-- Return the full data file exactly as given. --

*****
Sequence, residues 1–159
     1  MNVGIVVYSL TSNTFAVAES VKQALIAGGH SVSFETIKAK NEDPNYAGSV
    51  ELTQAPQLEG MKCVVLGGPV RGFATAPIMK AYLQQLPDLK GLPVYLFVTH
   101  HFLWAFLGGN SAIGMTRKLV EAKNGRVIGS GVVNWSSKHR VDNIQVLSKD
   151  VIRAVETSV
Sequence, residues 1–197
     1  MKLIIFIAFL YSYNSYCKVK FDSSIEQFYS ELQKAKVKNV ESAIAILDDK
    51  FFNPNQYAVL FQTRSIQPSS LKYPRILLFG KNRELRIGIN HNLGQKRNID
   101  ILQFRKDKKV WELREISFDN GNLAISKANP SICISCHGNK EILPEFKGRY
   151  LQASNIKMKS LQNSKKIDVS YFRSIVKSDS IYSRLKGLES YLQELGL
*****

Sequence, residues 1–159
     1  MNVGIVVYSL TSNTFAVAES VKQALIAGGH SVSFETIKAK NEDPNYAGSV
    51  ELTQAPQLEG MKCVVLGGPV RGFATAPIMK AYLQQLPDLK GLPVYLFVTH
   101  HFLWAFLGGN SAIGMTRKLV EAKNGRVIGS GVVNWSSKHR VDNIQVLSKD
   151  VIRAVETSV
Sequence, residues 1–197
     1  MKLIIFIAFL YSYNSYCKVK FDSSIEQFYS ELQKAKVKNV ESAIAILDDK
    51  FFNPNQYAVL FQTRSIQPSS LKYPRILLFG KNRELRIGIN HNLGQKRNID
   101  ILQFRKDKKV WELREISFDN GNLAISKANP SICISCHGNK EILPEFKGRY
   151  LQASNIKMKS LQNSKKIDVS YFRSIVKSDS IYSRLKGLES YLQELGL